COVID-19 widespread testing is crucial to fighting the pandemic, but is there enough testing? The answer is in the positivity rates.
The technology exists and people want to get tested at home, so they can avoid risk. It’s time to bring coronavirus screening into the 21st century.
Doctors and patients increasingly embrace telemedicine tools to diagnose and treat during the ongoing pandemic. So why is it people who want to be tested for COVID-19 are still venturing out to clinics or doctors’ offices, where they could potentially be exposed or expose others to the novel coronavirus? Moving aggressively toward self-administered in-home testing ahead of a potential second wave should continue to be a top national priority.
In March, The Centers for Medicare and Medicaid Services revised outdated regulations for telemedicine, unleashing a modernized clinic system that was penned up for far too long. But seven months into the pandemic, as the United States is averaging more than 50,000 new cases per day, we have yet to optimize our telemedicine capabilities to test, treat and isolate Americans without creating unnecessary exposure for healthy people — including the frontline health care workers who administer lab tests.
Going out to get tested is risky
On television news shows we’ve seen people waiting in line for hours to be tested for COVID. Doctors’ offices and clinics have taken all the precautions they can to protect test subjects and health care workers from exposure but, as we’ve known from the start of the pandemic, the best way to stay safe is to avoid indoor public settings.
Home testing is nothing new. American women have been able to self-administer pregnancy tests in their own home for more than 40 years. People living with diabetes test their insulin levels at home on a routine basis. There are many other examples of successful home medical testing regimens as well, including screens that can detect colon cancer or unhealthy levels of cholesterol.
Imagine if all those tests had to be administered in a clinical setting. Medical facilities would be overwhelmed and millions more people would be put at risk of exposure to contagious diseases like COVID.
A COVID-19 testing site on Oct. 7, 2020 in New York City. (Photo: Spencer Platt/Getty Images)
My colleagues and I have argued since the pandemic first took hold in the United States that COVID-19 testing at home, with supervision from a trained professional via telemedicine, could ensure widespread, equitable availability of care and slow the spread. Seven months later, that vision may finally become a reality as better testing options are becoming available. The most notable is Abbott Lab’s BinaxNOW kits, which use a simple self-administered nasal swab to deliver results within 15 minutes. The federal government announced this week it is beginning to distribute more than 100 million of these tests to the states.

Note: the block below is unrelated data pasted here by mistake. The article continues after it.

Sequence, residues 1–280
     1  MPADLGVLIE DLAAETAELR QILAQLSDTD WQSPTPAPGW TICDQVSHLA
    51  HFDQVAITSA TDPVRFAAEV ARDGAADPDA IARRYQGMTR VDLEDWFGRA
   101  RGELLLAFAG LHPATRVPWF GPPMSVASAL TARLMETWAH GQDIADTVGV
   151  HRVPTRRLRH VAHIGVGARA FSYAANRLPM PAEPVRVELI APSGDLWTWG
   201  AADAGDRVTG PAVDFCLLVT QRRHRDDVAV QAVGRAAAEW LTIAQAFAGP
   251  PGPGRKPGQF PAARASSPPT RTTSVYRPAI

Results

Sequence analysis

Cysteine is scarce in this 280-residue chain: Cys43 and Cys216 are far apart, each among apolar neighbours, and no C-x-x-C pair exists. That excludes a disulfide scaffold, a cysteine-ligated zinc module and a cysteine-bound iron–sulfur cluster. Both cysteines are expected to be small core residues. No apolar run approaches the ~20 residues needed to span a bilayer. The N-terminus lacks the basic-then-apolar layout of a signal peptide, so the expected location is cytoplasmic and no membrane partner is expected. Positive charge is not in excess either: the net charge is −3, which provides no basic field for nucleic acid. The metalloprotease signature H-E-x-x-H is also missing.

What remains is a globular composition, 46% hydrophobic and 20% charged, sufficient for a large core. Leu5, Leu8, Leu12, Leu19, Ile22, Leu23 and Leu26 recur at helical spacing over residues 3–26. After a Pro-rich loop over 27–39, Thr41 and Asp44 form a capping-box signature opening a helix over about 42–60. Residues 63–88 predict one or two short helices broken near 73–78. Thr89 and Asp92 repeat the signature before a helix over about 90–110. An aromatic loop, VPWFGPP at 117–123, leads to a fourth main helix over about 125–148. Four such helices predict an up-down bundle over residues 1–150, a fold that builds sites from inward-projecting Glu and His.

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The benefits of at-home testing on digital health platforms extend far beyond the convenience and safety of individual test takers. This approach can also equip public health officials with more data and build the kind of trust necessary to safely reopen key sectors of the economy.
Once these solutions are in widespread use, a smartphone app could log test results and upload them (stripped of personal data and precise location) to a nationwide database so researchers and the public could track the spread of contagion.
Home testing to limit the spread
Self-screening at home will allow people to test themselves before traveling, going to school or work, attending a crowded event, or visiting a high-risk friend or relative. When someone tests positive, they’ll simply self-quarantine until they no longer pose a contagion risk to others.
Of course tests administered at home must be both accurate and verified. Test-takers have to know the results they’re getting are as accurate as possible. Everyone else needs to know that the results have been reported accurately. There are too many social and financial incentives for test-takers to misreport their results, so there needs to be independent validation of tests that protects patient privacy and public health. But this is very achievable. In fact, many physicians have already adopted telemedicine to talk to a patient before or after a COVID test. Abbott’s NAVICA Pass, which provides users a mobile “green light” following a negative test, is a great example of verification at work.
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As we consider the current increase in cases heading into colder weather, moving away from in-person screening and toward in-home administrating is a no brainer, and many Americans — including seniors who are at higher risk of major complications — are ready for telemedicine. A July survey of 1,000 Medicare-eligible Americans found a 300% increase in seniors using telemedicine services since the beginning of the pandemic. With 89% of respondents reporting that they owned a smartphone and over two-thirds having an iPad or other type of tablet, it would be relatively easy to use telemedicine tools to help them test for COVID-19 without leaving home.
The technology exists and people want to be able to get tested at home, where they don’t run the risk of virus exposure. It’s time to re-evaluate testing centers and invest in bringing coronavirus screening into the 21st century.
Dr. Marty Makary is a professor at the Johns Hopkins School of Public Health, editor in chief of MedPage Today and author of “The Price We Pay: What Broke American Health Care — and How to Fix It.” Follow him on Twitter: @MartyMakary
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